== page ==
By: Chris Warren.
After completing a fairly large favor for a buddy (it involved my convenient status as a truck owner), he thanked me and said, “You are truly my best friend. You have supported me more…and done more than expected.” I’ve known this guy for thirty years. We have never kept score of who has done the most for whom. If one of us needed something, the other would come through with no preconditions. Some relationships cannot be fully quantified; it’s the unspoken and un-numerated vibe between two people that makes friends so special.
I’m sure I’m not the first person to notice the contradiction of more and more isolation in a time when we are more and more connected. These relationships, such as they are, take place almost entirely via the internet or cellphones, which is a big part of the problem. What can be seen in all the forlorn Tweets and Facebook posts are the results of trading quality for quantity. The bar has been lowered to the point where the definition of “friendship” includes dozens of people we are acquainted with to some degree but rarely see in person and in some cases have never met. There is such a thing as having too many friends. It’s like a pirate plundering gold: Nice for what it is, but if you have more than you can carry, more doesn’t matter.
There are less than six people in this world I consider my sincere, true friends. One of the things that makes us different is that we almost never communicate over the internet. We do talk on the phone or text a lot, but that is in addition to regularly meeting up face-to-face, not in place of it. I get a feeling of warmth and acceptance knowing a friend is excited to see me that cannot translated into an on line exchange.
One of the main barriers lonely people face is they usually don’t want to put any effort into friendships. They often claim they don’t have the time to invest in friendships due to family or work commitments. Being a good friend is more than just clicking “like” once in a while. A generation ago people also had families and jobs yet still found time for neighbors and friends and socializing. It’s not like personal obligations didn’t exist pre-Microsoft. The excuse is weak. Trucking my buddy’s stuff around in the cold, miserable rain was not my idea of an awesome weekend. Actually, it really sucked. I carved out the time and did it anyway because he matters to me. Great friendships are never effortless. Things are only as important as you want them to be.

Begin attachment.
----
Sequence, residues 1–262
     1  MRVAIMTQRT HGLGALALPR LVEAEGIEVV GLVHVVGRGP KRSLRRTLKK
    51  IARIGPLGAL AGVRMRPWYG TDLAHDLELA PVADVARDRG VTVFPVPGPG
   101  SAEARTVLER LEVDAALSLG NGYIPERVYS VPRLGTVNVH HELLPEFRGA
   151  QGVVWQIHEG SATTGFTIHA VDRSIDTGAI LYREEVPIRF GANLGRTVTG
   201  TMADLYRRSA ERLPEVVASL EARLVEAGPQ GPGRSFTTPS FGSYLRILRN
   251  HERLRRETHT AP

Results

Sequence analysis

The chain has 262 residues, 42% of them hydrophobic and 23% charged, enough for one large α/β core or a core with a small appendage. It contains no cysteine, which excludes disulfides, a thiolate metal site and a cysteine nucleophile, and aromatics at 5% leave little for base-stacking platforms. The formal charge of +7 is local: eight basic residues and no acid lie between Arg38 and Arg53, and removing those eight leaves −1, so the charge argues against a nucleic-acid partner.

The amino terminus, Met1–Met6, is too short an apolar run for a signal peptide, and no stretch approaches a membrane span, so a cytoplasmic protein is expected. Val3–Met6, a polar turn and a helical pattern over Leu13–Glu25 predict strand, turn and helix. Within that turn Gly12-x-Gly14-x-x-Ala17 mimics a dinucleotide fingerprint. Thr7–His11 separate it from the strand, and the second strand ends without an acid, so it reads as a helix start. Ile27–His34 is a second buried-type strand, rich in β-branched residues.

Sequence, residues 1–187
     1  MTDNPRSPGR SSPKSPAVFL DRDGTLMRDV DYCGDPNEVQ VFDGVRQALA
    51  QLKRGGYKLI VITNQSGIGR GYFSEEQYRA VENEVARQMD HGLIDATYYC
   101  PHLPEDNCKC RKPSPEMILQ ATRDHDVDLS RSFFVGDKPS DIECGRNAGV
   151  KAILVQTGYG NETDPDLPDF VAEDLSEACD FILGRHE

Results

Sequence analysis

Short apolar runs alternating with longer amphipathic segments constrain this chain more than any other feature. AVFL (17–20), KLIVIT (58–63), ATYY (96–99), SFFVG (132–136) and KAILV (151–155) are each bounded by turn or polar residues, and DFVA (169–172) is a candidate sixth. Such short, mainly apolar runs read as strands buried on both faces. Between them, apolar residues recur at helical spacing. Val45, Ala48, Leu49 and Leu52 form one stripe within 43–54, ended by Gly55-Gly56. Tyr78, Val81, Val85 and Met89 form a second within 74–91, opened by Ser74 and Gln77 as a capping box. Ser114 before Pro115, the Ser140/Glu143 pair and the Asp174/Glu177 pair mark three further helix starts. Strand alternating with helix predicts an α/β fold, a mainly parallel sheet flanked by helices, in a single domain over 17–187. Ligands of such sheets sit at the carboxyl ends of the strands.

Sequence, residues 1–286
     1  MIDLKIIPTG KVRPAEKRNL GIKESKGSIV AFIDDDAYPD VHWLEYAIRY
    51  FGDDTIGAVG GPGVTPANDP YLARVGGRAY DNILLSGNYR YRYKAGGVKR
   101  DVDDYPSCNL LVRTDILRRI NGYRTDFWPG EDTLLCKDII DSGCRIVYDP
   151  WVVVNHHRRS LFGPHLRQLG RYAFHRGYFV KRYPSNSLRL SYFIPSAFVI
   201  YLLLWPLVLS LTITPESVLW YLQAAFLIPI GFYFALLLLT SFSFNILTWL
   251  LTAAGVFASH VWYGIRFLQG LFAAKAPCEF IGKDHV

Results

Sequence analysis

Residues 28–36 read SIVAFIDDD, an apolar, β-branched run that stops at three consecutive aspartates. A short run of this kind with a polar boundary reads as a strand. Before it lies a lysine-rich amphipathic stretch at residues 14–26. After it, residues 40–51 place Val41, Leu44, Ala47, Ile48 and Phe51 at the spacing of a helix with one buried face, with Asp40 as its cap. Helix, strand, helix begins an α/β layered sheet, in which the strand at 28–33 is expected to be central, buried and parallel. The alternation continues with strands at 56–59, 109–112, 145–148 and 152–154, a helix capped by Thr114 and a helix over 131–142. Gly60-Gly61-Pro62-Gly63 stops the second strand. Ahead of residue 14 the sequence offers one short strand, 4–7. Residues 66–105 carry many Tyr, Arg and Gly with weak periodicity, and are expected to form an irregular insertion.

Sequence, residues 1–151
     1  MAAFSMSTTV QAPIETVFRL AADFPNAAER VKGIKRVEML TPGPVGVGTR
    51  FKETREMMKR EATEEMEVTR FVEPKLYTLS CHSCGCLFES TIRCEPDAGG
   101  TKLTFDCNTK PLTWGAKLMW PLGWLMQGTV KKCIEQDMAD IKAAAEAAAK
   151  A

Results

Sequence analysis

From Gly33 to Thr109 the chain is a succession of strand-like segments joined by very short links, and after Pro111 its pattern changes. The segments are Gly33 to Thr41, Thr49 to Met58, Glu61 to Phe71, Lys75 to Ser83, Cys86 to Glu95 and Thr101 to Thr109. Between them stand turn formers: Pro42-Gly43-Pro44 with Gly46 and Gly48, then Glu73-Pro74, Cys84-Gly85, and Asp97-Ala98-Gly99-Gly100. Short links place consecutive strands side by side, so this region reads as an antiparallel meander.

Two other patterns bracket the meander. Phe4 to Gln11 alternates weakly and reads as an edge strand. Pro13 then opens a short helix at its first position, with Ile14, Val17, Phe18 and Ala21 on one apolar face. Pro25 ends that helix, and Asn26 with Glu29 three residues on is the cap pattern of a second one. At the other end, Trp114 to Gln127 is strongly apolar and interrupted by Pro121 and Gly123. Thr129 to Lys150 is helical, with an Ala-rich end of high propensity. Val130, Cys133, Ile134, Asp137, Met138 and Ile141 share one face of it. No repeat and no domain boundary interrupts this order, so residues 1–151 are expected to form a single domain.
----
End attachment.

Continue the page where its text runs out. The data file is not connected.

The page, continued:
I’ve lived my whole life under the principle that having a few tight friends I can always count on is better than many loose associates who maybe possibly will be there when you need them. Why there is so much isolation in a world where everyone and everything is electronically linked doesn’t matter to people who for whatever the reason cannot make any interpersonal connections, or worse, think the internet and whatever Dr. Phil is selling this week is a replacement for interpersonal connections.
It may not be possible to quantify friendship, but it is certainly possible to measure the effects of (or lack of) it. It’s been well researched and established that people with real, meaningful friends live longer and better. Self help books and television shows are a multi-billion dollar industry. Prescription drugs to treat mental health issues are so popular, there are commercials for them. The mental health & self-help cartel would go out of business if everyone would just get out and meet other people and their natural goodness run its course. I don’t need science to convince me of the value of friends. For thirty years I’ve been able to see and feel it for myself in every smile and hug.